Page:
In a Spanish-language opinion piece in one of the nation’s largest newspapers, Chinese Ambassador to Argentina Yang Wanming urged Latin American nations to increase trade ties to China, promoting Beijing’s “One Belt One Road” project and warning Beijing will begin a “greater push” to conquer trade in the hemisphere.
“China will adopt the participation and active promotion of economic globalization, and the perseverance in openness,” Yang wrote in a guest column in the Argentine newspaper Clarín. “China and Latin America can intensify their cooperation even more through international financial reform, the G-20, the BRICS, cooperation in the Asia Pacific, climate change, and food security.”
Only one Latin American nation, Brazil, is a member of the BRICS coalition, which also includes Russia, India, and South Africa.
Yang also notes that China will continue to “promote cooperation on Belt and Road,” the infrastructure project China has launched to build roads, seaports, and other transportation necessities between Beijing and Western Europe.
The ambassador does not specify what role Latin America can play in this project, instead claiming that estimates suggest China will invest US$2 trillion abroad in the next 15 years, and will soon seek a spike in “high-quality goods” from Latin America.
American officials have warned developing countries that China is working to expand its political influence through “predatory” lending practices.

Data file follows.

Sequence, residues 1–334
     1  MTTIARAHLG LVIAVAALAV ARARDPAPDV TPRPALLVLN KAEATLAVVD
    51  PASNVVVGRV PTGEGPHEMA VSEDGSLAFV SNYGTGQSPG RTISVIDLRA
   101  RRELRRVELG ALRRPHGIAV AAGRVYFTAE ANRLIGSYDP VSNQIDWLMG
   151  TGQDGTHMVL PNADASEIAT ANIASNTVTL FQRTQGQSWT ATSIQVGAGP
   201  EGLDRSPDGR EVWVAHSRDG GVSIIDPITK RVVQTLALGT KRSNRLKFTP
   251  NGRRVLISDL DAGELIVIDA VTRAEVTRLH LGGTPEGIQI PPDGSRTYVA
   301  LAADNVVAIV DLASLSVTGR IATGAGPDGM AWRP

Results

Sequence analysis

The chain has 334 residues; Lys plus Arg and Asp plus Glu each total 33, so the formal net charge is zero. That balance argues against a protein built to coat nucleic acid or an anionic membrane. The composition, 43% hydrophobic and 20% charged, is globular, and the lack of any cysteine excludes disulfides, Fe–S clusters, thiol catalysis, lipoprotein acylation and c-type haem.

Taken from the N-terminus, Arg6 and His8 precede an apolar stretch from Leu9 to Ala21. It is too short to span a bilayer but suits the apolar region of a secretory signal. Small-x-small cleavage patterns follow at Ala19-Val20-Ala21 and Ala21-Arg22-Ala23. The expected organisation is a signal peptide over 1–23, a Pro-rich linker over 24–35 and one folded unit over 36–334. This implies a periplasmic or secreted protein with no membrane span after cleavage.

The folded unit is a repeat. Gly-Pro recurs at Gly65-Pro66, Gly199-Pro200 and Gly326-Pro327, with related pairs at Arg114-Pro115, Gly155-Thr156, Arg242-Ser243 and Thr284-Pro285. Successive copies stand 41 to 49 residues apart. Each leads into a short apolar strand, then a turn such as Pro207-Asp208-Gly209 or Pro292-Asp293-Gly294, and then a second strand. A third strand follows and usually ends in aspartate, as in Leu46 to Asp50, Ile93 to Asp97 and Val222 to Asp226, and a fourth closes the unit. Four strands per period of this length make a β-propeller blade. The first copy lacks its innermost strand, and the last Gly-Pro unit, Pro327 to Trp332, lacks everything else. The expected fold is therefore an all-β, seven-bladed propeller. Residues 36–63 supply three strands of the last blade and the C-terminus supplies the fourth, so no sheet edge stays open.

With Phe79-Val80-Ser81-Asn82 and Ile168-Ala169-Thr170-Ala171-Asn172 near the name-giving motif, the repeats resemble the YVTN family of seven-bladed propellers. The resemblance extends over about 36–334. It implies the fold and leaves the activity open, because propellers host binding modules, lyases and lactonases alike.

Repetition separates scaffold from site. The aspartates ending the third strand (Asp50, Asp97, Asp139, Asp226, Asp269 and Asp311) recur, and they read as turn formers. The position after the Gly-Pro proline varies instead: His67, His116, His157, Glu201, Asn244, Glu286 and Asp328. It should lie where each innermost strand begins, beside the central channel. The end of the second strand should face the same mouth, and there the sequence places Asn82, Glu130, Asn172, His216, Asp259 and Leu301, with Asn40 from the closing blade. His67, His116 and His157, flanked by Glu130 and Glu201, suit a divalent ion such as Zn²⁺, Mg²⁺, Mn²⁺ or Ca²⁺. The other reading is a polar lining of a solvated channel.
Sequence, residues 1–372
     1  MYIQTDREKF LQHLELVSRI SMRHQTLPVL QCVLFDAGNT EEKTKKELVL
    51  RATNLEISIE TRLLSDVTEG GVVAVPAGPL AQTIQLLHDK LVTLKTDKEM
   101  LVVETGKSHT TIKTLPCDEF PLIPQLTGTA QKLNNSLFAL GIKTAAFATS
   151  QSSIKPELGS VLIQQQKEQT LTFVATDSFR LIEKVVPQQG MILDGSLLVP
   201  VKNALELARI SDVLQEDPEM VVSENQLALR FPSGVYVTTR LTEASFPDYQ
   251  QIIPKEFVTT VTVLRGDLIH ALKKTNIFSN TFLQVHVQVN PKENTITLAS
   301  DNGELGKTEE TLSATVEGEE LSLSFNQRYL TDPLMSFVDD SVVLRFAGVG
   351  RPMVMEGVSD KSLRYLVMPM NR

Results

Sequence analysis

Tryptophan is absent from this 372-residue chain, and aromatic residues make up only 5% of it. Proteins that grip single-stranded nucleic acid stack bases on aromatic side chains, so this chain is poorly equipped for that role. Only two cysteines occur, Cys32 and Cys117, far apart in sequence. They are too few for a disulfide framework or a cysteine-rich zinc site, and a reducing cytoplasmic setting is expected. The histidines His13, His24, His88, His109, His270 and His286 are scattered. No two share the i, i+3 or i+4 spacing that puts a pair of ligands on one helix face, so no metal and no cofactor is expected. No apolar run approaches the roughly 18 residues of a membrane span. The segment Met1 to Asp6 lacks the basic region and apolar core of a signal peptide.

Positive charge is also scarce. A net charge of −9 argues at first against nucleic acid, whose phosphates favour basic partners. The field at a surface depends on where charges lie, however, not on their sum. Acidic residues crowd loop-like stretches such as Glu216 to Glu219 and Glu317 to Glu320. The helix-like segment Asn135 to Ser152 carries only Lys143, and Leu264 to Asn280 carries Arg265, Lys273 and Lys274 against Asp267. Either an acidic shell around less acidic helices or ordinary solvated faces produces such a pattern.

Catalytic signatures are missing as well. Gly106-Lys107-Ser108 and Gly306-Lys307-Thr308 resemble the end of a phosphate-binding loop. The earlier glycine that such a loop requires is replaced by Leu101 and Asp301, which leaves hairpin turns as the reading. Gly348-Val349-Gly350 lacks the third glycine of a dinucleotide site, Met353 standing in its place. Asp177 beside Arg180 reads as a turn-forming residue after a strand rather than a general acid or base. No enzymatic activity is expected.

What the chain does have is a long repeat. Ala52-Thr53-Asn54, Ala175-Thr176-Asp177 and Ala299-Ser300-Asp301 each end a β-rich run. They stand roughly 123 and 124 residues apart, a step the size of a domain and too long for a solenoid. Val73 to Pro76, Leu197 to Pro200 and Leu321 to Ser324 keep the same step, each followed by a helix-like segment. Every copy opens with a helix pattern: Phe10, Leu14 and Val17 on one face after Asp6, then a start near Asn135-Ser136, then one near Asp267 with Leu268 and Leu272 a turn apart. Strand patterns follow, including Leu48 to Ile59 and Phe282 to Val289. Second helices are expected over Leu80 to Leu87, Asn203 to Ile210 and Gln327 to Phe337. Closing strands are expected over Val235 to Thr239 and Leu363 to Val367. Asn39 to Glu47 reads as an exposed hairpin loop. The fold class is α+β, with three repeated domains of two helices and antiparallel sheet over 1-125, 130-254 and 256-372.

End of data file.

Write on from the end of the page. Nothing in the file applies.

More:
“We have watched the activities and actions of others in the region, particularly China, and the financing mechanisms it brings to many of these countries, which result in saddling them with enormous levels of debt,” Secretary of State Rex Tillerson said in October. “This is not a structure that supports the future growth of these countries.”
Yang concludes offering an increase in “cultural exchanges,” including sending more Chinese tourists to Latin America. “I hope that China and the region will be able to intensify contact between their think tanks, communications media, cultural entities, etc,” he states.
Xinhua, a Chinese state news outlet, highlighted the piece and noted that it was part of a greater effort on the part of the Communist Party of China (CPC) to find “new opportunities for cooperation between China and Latin America.”
China’s new project will arrive in a Latin America highly skeptical of socialists and communists. While China enjoys friendly relations with the two authoritarian states in the region, Venezuela and Cuba, the precipitous decline of the Venezuelan state has triggered a rightward shift on the continent that arguably began with the election of Argentine President Mauricio Macri in 2015. Macri has distanced Argentina from rogue states like Iran and, last year, his military ordered the sinking of a Chinese ship that had trespassed into Argentine waters.
Since then, Peru and Chile elected center-right presidents and Brazil impeached its leftist president, Dilma Rousseff, replacing her with centrist current President Michel Temer. Organization of American States (OAS) member states have increasingly objected to Venezuela’s gross violations of human rights and belligerence on the world stage, and OAS head Luis Almagro has called for the International Criminal Court (ICC) to prosecute human rights violations in the country.
In Venezuela, China has also hit an economic roadblock. Once a lucrative investment spot for Chinese communists, the nation’s Foreign Ministry announced in November it would not aid the country in relieving its exorbitant debt, as Russia has done. A month later, one of China’s largest government companies sued Petroleum of Venezuela (PDSVA), the state oil company, to receive outstanding debt payments, accusing the firm of “acting in concert to defraud.”